Wee Tam's Review
The Isle of Skye will always be an island to me. It still has that feel of separateness and individuality which make it different from the mainland and you still have to cross the sea to get there, yet it's so much more accessible now that you can drive straight over as and when you like. Crossing the bridge, however, will always be a transitional experience.
Known as the Garden of Skye, the Sleat Peninsula is just a few miles south through stunning heather-clad mountains, along rocky shorelines and beside clear blue sea. A mile along a single track road in a quiet spot overlooking the sea and the highlands on the far side, sits a beautifully modernised croft house, a lovingly made home which, fortunately for us, is available for holidays most of the year while its owners are busy living the city life.
From the outside, the Skye longhouse looks much like its traditional predecessor, with smart new roof, whitewashed walls and tidy garden enclosed by a stone dyke. Modern touches are soon evident, however in the large windows to let in plenty of light and a substantial new wing with a wonderful vaulted ceiling, which allows 180 degree views of the superb scenery. This area houses the stylish new living room, decorated in contrasting earth and sky colours, opening onto spacious decking and the garden. Warmed underfloor, this is a simply fantastic place to sit and relax and look out at the world and the weather.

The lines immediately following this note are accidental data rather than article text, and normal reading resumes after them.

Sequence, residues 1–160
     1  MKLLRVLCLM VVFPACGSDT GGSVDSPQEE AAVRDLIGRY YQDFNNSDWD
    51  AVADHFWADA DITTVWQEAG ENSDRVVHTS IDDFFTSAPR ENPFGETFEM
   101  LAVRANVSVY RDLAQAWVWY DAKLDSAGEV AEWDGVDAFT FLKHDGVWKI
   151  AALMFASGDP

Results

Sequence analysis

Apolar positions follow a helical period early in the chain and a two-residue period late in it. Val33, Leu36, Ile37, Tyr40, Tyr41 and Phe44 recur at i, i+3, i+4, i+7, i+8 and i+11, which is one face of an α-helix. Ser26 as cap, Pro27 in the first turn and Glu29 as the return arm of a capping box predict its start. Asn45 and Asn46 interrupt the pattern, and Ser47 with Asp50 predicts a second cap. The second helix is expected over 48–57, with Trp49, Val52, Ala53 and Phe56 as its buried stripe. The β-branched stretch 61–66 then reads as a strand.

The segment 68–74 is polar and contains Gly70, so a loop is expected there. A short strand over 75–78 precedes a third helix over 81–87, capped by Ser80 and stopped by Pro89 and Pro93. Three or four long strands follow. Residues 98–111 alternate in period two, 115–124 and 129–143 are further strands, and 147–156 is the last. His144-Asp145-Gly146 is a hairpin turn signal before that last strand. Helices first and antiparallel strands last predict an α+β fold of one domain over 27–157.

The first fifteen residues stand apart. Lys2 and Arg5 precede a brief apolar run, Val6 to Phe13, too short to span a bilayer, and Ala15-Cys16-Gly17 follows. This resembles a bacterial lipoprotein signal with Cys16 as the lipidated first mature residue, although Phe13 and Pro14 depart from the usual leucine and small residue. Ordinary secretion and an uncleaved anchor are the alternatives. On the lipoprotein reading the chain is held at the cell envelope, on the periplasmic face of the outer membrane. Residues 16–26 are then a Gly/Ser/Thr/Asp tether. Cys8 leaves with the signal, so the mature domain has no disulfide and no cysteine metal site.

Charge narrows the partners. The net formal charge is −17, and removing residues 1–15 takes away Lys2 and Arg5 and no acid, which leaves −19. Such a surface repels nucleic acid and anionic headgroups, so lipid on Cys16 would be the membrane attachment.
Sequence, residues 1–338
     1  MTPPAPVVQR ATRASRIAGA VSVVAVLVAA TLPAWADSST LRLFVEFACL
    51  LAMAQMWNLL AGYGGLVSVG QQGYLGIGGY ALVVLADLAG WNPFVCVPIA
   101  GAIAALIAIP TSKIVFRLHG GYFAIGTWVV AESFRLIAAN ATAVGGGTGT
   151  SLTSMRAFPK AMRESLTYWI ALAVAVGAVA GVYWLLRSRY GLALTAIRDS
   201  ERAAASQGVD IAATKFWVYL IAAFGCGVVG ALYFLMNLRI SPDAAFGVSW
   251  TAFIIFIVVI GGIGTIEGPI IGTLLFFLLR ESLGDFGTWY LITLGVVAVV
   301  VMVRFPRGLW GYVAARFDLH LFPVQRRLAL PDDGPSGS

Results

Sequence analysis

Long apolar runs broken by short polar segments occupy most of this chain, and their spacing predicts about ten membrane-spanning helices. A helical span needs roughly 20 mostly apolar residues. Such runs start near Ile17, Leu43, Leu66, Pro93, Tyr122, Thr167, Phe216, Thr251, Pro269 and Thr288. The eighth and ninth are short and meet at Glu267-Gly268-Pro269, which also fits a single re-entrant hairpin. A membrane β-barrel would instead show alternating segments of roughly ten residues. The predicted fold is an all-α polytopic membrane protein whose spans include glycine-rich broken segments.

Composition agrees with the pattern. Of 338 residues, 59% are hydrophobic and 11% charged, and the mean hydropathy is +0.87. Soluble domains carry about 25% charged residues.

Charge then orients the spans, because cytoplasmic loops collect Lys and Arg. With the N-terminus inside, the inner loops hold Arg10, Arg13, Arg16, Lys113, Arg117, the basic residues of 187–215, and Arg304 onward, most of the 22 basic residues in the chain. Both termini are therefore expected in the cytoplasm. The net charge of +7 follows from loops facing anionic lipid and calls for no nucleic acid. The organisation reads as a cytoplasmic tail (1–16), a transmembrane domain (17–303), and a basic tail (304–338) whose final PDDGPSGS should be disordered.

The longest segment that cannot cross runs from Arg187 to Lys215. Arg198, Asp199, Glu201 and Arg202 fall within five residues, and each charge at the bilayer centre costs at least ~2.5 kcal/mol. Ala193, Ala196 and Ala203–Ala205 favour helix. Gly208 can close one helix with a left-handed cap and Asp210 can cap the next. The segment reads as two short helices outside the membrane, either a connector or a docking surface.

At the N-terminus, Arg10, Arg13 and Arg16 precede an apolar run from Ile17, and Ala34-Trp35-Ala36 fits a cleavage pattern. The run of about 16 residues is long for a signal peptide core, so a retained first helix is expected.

Sleat is so well endowed with excellent places to eat out that I doubt the kitchen will see a lot of use but when it does, it's better equipped than ours at home. A short walk takes us from the holiday cottage to pet friendly Eilean Iarman beside Camus Cross Bay – a really lovely place to eat, taste whisky or just have a beer and enjoy live music sessions – all while enjoying the comings and goings of yachts and fishing boats in the bay.
We hoped that we might see otters on our visit and so kept a keen eye out whenever we could but to increase our chances, decided to make the short, easy walk to the otter hide at Kylerhea. There are lovely views along the walk and we saw plenty of seals, always a pleasure with their large, human-like eyes but barely a glimpse of the v-shaped wake that indicates an otter swimming with its nose just breaking the water.
In our very classy bedroom is a huge, sumptuous and very comfortable king size bed which delivers blissful sleep night after night but none so blissful as following the Quiraing experience. You need a clear day to appreciate these weird and wonderful rock formations and it's quite a strenuous, high level walk, but definitely worth the effort when you follow convoluted contours to find huge jagged crags and look down on other folk coming up, tiny, hundreds of feet below.